Read about some of the fascinating research being carried out on our recently catalogued Poor Law records…our guest blogger from Clements Hall Local History Group tells us about their project.
What was it like to be poor in 19th century York? Clements Hall Local History Group is using recently catalogued Explore York Poor Law records to better understand how poverty was experienced – and to give a voice to the poor themselves.
The focus is on one parish – St Mary’s Bishophill Junior, an area both inside and outside the city walls. Researchers are looking at records of three periods: 1839-43, 1859-63, and 1879-83. The project aims to identify a sample of individuals, and attempt to track them through their lives. It is hoped to assemble a number of life stories which detail contact with the relief system, including any periods in the workhouse.
To claim relief a person had to have the right of settlement in a parish administered by York Poor Law Union. Settlement was conferred by various means including birth, marriage, residence in an area for a particular time, employment, and through various property qualifications. The project is interested in anyone applying for relief for whom St Mary’s Bishophill Junior was responsible. For example, in 1837 Joseph Spink (40) was an unemployed whitesmith living in the Shambles. A widower with four children – George, Joseph, Mary Ann and Henry – he was awarded eight shillings relief. The 1851 census records Henry as fifteen, a servant, living in Bishophill with his grandparents John and Mary Tempest.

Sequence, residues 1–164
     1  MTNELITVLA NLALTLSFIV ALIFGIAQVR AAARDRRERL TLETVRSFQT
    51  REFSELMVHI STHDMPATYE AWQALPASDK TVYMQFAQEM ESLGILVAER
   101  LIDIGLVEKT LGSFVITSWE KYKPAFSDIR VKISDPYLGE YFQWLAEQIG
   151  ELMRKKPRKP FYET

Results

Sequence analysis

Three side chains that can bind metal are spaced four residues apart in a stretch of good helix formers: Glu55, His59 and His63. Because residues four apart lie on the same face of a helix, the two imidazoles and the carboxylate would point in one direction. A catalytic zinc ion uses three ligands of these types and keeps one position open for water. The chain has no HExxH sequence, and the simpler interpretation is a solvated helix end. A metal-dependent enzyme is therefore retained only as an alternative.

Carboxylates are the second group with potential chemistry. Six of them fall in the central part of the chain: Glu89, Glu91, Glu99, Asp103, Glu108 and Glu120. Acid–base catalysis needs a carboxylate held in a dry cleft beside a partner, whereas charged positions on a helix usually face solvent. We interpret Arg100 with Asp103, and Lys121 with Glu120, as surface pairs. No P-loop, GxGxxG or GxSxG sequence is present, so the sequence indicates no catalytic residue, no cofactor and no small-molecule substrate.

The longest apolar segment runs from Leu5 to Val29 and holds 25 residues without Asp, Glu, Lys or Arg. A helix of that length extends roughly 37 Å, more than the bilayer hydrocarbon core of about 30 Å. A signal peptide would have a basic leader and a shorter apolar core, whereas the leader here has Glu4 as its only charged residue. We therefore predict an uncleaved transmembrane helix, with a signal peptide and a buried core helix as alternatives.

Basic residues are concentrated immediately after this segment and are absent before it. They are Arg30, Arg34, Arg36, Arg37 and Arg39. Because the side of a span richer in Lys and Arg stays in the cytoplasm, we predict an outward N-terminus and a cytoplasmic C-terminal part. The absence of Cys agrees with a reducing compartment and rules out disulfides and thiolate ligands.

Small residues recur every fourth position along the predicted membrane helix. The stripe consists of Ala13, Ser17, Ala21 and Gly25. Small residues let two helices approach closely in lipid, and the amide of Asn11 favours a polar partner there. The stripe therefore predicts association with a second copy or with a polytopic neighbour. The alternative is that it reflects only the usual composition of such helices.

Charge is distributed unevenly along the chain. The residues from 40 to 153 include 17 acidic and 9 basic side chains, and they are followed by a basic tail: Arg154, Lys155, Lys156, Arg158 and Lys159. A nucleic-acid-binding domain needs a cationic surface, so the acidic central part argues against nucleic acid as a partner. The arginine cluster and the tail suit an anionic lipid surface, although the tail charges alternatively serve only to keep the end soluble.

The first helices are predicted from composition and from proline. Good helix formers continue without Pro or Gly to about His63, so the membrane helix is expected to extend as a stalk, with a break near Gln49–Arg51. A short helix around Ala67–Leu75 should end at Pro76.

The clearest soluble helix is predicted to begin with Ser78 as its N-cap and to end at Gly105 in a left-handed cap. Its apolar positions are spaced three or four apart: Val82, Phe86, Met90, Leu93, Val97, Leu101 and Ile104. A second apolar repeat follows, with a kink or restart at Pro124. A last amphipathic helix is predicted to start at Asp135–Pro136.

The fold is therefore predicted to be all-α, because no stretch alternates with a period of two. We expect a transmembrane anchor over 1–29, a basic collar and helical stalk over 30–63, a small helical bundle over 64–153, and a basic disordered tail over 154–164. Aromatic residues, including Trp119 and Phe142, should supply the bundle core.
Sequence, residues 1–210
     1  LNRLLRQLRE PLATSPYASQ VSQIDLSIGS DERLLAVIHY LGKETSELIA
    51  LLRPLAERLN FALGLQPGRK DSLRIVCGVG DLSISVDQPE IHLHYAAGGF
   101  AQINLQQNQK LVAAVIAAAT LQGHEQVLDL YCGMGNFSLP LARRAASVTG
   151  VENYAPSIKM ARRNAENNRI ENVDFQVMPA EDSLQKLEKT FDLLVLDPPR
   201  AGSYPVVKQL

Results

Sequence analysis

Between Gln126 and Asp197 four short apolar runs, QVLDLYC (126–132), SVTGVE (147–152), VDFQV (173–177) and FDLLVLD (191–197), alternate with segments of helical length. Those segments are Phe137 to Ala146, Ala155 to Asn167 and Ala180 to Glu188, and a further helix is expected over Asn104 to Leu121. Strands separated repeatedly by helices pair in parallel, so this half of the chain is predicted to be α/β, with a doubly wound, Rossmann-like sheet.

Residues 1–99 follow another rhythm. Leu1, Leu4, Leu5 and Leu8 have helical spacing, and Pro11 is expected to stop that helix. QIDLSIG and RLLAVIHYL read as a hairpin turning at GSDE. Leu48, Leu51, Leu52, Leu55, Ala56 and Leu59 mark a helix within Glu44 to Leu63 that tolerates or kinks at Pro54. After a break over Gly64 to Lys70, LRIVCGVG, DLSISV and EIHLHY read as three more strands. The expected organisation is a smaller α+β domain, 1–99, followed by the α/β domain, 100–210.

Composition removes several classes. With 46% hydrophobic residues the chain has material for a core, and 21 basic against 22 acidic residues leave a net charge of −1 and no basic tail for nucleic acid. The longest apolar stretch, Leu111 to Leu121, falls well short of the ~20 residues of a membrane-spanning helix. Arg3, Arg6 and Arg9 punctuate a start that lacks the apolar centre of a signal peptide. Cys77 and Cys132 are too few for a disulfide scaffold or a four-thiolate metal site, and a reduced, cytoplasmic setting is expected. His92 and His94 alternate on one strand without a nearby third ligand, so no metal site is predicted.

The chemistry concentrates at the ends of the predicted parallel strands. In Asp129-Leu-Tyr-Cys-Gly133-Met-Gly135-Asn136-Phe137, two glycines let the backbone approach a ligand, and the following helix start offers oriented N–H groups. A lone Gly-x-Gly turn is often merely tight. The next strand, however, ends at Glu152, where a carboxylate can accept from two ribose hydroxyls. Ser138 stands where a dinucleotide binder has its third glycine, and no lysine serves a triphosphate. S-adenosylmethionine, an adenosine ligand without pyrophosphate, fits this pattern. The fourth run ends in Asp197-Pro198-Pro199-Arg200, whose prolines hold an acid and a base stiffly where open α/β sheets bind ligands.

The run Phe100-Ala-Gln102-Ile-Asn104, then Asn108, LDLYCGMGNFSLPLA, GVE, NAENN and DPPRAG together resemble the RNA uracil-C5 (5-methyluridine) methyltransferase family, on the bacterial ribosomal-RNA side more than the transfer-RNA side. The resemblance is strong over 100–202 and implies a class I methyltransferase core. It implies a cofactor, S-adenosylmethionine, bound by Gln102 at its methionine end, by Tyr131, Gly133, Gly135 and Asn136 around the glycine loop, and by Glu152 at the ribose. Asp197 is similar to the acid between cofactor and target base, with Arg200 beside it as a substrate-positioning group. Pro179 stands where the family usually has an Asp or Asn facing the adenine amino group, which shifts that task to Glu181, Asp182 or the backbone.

The project aims to place an individual’s experience in context: how did the parish deal with its poor, and how much did it spend? Was a child on relief more likely to grow up to be an adult on relief ? How did a large family – or bereavement – affect reliance on relief?
Explore has one of the best collections of post-1834 out-relief records in the country. Out-relief allowed people to receive relief in their own homes, rather than enter the workhouse. Application and Report Books (PLU/3/1), catalogued by ecclesiastical parish, offer a wealth of data for research: name of claimant plus address, age, marital status, occupation (e.g. charwoman, soldier’s wife; shoemaker) and any disability. They also give the reason for seeking relief, whether relief is temporary or permanent, and details of relief from other sources such as charities. Where relief is in cash, the value and length of period of relief is noted. If in kind – for example, flour, tea or candles – quantities and period are recorded.
Outdoor Relief Lists (PLU/3/2) are also being mined. These name paupers, and total relief received weekly, plus amounts received per quarter and half year. The Lists have statistical columns; for example, for gender, marital status, children and vagrants.
These sources are supplemented for project research by other Poor Law Union records such as Board of Guardian minute books. The role of the Relieving Officer can be explored by a 19th century Manual for Relieving Officers. (PLU11/5/4/9) Census data, birth, marriage and death registers, and Ordnance Survey maps for 1836, 1852 and 1889 are among other useful sources.
Project volunteers have benefited from training from archivist Julie-Ann Vickers who also prepared a series of useful short guides to Poor Law records. Further training was provided by Kate Gibson, University of Sheffield.
For further details of the project contact e: email@example.com
The Clements Hall project coincides with a three year University of Leicester/The National Archives (TNA) research project is examining poverty across England and Wales. ‘In their own write: contesting the New Poor law 1834-1900’ will use a sample of thousands of letters written by paupers to give their own point of view.
You can read about the project at https://intheirownwriteblog.com/page/2/
Thanks for reading